I have (foolishly?) written a couple of moderately general-purpose xslt scripts.

I'd quite like to turn these into executables that read an xml document from standard in or similar.

The way you do this with other languages is to use a shbang.

Is there an easy / standard way to do this with xsltproc and friends? Sure I could hack up a wrapper around xsltproc that pulls off the first comment line... but if there is something approximating a standard this would be nicer to use.

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    Back in 2006: mail.gnome.org/archives/xslt/2006-January/msg00011.html
    – muru
    Nov 1, 2017 at 4:18
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    The only right solution is to have OS support for what you want to do. :) There's something interesting about a programming language expecting the linux kernel to implement features so that their scripts can run...
    – Att Righ
    Nov 1, 2017 at 19:24
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    that's essentially what binfmt is.
    – muru
    Nov 1, 2017 at 22:57

2 Answers 2


You could use the generic binfmt-misc kernel module that handles which interpreter is used when an executable file is run. It is typically used to allow you to run foreign architecture files without needing to prefix them with qemu or wine, but can be used to recognise any magic characters sequence in a file header, or even a given filename extension, like *.xslt. See the kernel documentation.

As an example, if you have a file demo.xslt that starts with the characters

<xsl:stylesheet version=...

you can ask the module to recognise the string <xsl:stylesheet at offset 0 in the file and run /usr/bin/xsltproc by doing as root

colon=$(printf '\\x%02x' \':) # \x3a
echo ":myxsltscript:M::<xsl${colon}stylesheet::/usr/bin/xsltproc:" >/etc/binfmt.d/myxslt.conf 
cat /etc/binfmt.d/myxslt.conf >/proc/sys/fs/binfmt_misc/register

You don't need to go via the /etc file unless you want the setting to be preserved over a reboot. If you don't have the /proc file, you will need to mount it first:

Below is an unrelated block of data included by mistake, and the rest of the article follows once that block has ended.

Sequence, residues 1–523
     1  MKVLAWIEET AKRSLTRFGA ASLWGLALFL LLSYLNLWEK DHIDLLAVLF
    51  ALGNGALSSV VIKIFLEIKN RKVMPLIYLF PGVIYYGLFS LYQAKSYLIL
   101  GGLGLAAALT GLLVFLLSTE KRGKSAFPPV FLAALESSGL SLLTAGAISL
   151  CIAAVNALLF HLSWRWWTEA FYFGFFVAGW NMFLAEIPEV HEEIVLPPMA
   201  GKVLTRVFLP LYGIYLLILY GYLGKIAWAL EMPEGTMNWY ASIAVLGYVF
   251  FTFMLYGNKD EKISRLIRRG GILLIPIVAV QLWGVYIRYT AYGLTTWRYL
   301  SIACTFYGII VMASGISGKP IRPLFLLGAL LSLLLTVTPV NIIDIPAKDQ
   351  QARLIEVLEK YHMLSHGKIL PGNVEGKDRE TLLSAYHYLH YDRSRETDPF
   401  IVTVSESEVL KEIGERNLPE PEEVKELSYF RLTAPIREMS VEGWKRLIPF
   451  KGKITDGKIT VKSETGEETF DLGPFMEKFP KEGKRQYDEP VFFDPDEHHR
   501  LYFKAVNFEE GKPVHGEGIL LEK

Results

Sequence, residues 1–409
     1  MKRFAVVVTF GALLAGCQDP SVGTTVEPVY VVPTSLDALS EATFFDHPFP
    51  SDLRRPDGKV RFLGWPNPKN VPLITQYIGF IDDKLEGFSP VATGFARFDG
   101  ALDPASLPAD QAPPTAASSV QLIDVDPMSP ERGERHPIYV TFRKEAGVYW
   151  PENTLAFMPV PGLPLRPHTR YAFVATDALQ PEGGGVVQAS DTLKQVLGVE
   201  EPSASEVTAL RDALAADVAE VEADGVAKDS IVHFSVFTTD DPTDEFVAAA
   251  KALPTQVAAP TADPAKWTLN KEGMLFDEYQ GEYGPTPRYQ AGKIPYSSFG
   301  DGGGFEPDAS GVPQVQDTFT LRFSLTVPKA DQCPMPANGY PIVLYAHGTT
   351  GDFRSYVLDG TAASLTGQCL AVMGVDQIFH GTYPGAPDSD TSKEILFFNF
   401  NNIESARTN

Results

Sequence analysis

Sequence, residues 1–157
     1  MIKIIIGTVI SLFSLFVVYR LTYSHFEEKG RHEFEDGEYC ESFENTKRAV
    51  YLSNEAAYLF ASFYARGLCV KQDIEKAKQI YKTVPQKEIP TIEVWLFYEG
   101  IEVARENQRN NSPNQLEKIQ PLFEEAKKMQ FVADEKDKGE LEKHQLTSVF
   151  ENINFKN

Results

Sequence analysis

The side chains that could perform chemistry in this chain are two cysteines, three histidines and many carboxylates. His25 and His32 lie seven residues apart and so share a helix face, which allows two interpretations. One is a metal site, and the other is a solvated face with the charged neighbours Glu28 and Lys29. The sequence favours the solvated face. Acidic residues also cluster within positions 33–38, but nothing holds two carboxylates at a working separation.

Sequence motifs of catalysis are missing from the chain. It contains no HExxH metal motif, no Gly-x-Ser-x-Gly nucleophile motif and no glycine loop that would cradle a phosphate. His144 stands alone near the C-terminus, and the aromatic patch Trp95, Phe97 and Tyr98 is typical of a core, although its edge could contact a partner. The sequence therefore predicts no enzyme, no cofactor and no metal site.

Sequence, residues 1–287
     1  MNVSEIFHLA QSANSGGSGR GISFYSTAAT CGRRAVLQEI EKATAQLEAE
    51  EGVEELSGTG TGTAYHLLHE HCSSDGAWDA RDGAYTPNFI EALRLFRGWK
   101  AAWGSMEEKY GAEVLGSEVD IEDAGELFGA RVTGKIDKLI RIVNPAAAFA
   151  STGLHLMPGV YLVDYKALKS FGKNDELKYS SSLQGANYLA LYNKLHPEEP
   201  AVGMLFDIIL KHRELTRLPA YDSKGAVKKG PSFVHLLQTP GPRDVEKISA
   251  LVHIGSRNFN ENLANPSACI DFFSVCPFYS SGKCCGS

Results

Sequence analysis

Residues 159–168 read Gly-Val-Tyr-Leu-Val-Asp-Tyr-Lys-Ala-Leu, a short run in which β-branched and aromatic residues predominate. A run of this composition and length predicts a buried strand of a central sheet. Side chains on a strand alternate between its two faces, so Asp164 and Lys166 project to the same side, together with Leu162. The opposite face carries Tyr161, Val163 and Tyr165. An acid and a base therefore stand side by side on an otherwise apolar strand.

mount binfmt_misc -t binfmt_misc /proc/sys/fs/binfmt_misc

Now, if you chmod +x demo.xslt you can run demo.xslt with any args and it will run xsltproc with the filename demo.xslt provided as an extra first argument.

To undo the setup, use

echo -1 >/proc/sys/fs/binfmt_misc/myxsltscript
  • This approach is ingenious. It's a shame that this approach doesn't deal well with initial comments and whitespace. I guess you really want to do stuff based on the extension.
    – Att Righ
    Nov 1, 2017 at 19:19
  • Ah you can select the interpreter based on extensions... kernel.org/doc/Documentation/admin-guide/binfmt-misc.rst . It's a bit magically and machine specific, but it does work.
    – Att Righ
    Nov 1, 2017 at 19:22

There is no way to change an XSLT stylesheet into an executable using a shebang.

  • Hmm... I have an ongoing concern about "that's impossible" answers. While you are probably technically correct that a shebang is not valid xml that doesn't necessarily mean that there is a standard way achieving the effect that I was after. I could simply write my xslt scripts in a non-standard definition of xslt that allows hash bangs on the first line and use an interpreter that strips them.
    – Att Righ
    Nov 1, 2017 at 18:13
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    @AttRigh. You certainly can try. Please publish your work when you are done. I would point out that "a non-standard definition of xslt" is not XSLT by definition.
    – fpmurphy
    Nov 1, 2017 at 18:23
  • "a non-stanard defintion is not" is not XSLT... well that's what non-standard means isn't it :P. But yeah. you end up with xslt files that can only be used as executables and can't be fed into other programmers, nevertheless this is the approach some other languages that don't support # comments use. Erlang being a good example.
    – Att Righ
    Nov 1, 2017 at 19:05

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